Many companies still struggle with executing a strategic integrated business planning (IBP) process that effectively integrates demand planning, supply planning and financial planning. Most simply put, the process should drive decisions on how to best meet demand (customer/consumer sales for existing and new products) within supply constraints in order to optimize financial return. Yet, answers to the questions of each planning component of IBP can be dramatically different and lead to very different results if addressed in silos vs. in an integrated fashion.
Put more bluntly, companies that successfully execute IBP achieve greater operational and financial benefits than those that do not. A key requirement for that success is collaboration, including a disciplined, repeatable process that drives integrated decision-making and a balanced scorecard for performance measurement.
Based on our experience, we at The Hackett Group believe unlocking IBP can deliver the following competitive advantages and benefits:
- Visibility into the financial implications of decisions and actions related to demand and supply.
- Significant cost improvements driven by a more efficient and effective supply chain.
- Improved top-line revenue growth.
- Inventory deployment improvements (e.g., the right product in the right place at the right time), which reduce excess deployment costs, based on customer demand.
- Increased customer satisfaction as a result of more accurate demand planning and inventory availability, which reduce out-of-stock and back-order issues.
However, with all of this evidence that implementing IBP leads to important benefits in an increasingly competitive environment, why do many companies continue to miss out on the potential rewards of IBP?
We believe there are five keys (in the form of questions) that companies can use to open the doors to an effective and efficient IBP process. The first two questions deal with the marketplace and competitive environment in which the business operates, while the final three questions help assess internal improvement opportunities based on best practices for process, people, data/systems and technology capabilities tied to IBP.
1. What Are the Big-Picture IBP Trends in the Marketplace?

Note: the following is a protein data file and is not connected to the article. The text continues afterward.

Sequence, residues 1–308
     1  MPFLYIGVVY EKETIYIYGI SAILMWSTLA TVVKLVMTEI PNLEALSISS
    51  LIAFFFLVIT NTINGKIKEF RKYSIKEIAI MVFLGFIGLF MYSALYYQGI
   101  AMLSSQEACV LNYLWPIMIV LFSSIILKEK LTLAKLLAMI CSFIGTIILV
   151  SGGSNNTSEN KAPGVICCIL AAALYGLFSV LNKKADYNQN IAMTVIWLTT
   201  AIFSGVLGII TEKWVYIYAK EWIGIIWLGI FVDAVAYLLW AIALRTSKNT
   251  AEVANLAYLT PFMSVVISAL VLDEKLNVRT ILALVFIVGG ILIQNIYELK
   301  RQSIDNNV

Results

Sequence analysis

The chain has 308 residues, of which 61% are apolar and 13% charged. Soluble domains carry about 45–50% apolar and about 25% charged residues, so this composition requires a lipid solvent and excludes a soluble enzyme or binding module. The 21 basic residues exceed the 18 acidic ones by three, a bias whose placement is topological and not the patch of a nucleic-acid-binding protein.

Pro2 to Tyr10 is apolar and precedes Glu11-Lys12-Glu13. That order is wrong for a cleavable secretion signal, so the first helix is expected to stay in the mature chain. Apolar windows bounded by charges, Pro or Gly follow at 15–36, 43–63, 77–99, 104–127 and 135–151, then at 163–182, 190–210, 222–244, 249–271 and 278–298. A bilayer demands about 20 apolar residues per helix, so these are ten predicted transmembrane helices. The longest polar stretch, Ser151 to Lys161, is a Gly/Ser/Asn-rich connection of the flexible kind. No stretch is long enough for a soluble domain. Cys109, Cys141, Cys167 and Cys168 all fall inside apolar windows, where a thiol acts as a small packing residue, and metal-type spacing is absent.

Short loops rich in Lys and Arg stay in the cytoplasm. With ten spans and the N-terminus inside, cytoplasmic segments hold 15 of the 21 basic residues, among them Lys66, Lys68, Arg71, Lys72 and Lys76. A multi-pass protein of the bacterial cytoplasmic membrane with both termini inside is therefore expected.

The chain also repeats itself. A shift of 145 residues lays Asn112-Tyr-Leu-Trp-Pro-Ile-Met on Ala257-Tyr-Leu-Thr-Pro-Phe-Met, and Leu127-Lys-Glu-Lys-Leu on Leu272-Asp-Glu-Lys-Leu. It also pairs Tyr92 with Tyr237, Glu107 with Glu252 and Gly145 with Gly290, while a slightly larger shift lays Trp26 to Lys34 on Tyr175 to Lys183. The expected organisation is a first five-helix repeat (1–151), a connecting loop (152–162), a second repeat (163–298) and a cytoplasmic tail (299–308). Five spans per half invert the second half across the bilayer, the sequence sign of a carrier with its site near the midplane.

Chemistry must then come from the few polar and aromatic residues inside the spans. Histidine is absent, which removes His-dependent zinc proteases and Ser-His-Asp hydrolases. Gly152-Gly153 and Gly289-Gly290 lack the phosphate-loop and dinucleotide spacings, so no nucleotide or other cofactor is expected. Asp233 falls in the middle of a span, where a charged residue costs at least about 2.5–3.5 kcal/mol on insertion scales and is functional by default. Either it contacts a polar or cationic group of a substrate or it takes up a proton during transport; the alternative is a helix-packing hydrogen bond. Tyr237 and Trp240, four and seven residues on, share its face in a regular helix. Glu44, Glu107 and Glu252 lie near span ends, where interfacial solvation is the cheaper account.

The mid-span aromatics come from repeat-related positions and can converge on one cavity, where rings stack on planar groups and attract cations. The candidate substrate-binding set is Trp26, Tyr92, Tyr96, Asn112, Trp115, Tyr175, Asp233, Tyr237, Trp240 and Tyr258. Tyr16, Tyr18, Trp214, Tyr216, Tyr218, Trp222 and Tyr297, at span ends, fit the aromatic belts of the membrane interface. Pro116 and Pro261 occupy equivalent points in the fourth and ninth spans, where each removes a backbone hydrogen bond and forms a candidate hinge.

Here are three examples of what leading companies are doing:
- Streamlining annual planning and budgeting processes.
- Balancing scorecards with cascading metrics.
- Unifying data models and better integrating technology platforms to support advanced planning and analytic capabilities.
2. How Do our Supply Chain Costs and Metrics Compare to Other Companies?
Benchmarking can serve as a useful tool for measuring performance against the competition. Armed with valuable key performance metrics for cost, process and resources, supply chain leaders are equipped to make critical decisions and address areas of opportunity.
As an example, the metric demand/supply planning costs per $1,000 in revenue is an excellent indicator of overall efficiency.
3. Are Optimal Planning Processes in Place throughout the Organization?
Establishing a best-in-class IBP process is the foundation for maximizing the efficiency and effectiveness of any organization. Example best practices include:
- IBP goals and objectives are clear and well understood.
- The IBP process evaluates gap resolution and business optimization options.
- Materials and reports supporting IBP are exception-based.
4. Do We Have the Right People at All Levels of the Organization, to Own the Plan, Make Decisions and Ultimately Be Held Accountable for the Plan’s Execution?
Equally as important as the right processes is having the right organizational talent and accountability mechanisms in place. Example best practices include:
- Adequately staffed resources with the required knowledge and skills.
- Clear ownership and accountability.
- The discipline to adhere to decisions made as part of the IBP process.
5. Are We Equipped with the Appropriate Technology (Tools and Systems) to Fully Support Integrated Business?
To enhance supply chain technology capabilities that both support and optimize the integrated business planning process, best-in-class organizations successfully employ supply chain systems and tools to maximize their IBP process. Importantly, the firm must have the tools and systems needed to bring together and reconcile demand, supply, and financial plans in order to identify gaps and imbalances.
Hanna Hamburger, a director in the strategy and operations practice at The Hackett Group, has over 25 years of industry and consulting experience. She has worked extensively with consumer products and retail companies, as well as life sciences companies in the areas of sales, marketing, supply chain process, technology and tools, and organization performance improvement. A longer version of this article is available on The Hackett Group’s website. Read the full Hackett Group Supply Chain Insight Report here to learn more trends, best practices and metrics, which help supply chain successfully transition to IBP.